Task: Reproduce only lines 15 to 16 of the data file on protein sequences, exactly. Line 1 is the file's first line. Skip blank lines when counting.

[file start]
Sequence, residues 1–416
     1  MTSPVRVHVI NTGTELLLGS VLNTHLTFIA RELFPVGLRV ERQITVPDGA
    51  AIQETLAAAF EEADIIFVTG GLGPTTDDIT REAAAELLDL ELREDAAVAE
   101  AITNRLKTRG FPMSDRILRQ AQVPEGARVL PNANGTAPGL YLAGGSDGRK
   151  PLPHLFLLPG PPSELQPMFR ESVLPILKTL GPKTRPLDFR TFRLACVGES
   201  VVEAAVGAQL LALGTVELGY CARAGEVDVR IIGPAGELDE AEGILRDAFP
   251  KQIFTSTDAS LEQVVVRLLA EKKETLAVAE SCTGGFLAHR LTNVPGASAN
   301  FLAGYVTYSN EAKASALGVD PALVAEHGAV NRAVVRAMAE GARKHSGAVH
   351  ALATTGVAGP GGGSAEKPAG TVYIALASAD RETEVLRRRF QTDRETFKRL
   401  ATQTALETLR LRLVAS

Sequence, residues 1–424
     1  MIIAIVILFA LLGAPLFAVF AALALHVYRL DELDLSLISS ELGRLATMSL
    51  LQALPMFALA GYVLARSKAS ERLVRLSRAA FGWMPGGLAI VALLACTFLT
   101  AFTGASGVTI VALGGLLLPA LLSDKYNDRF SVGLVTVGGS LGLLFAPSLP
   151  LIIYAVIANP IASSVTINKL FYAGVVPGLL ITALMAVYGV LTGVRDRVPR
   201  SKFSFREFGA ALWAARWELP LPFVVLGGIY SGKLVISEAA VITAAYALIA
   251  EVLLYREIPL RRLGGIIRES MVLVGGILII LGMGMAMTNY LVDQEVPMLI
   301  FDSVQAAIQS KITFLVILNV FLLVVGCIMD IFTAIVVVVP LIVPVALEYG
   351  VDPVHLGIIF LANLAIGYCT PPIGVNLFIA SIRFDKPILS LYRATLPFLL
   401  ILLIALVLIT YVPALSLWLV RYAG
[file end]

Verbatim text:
   151  LIIYAVIANP IASSVTINKL FYAGVVPGLL ITALMAVYGV LTGVRDRVPR
   201  SKFSFREFGA ALWAARWELP LPFVVLGGIY SGKLVISEAA VITAAYALIA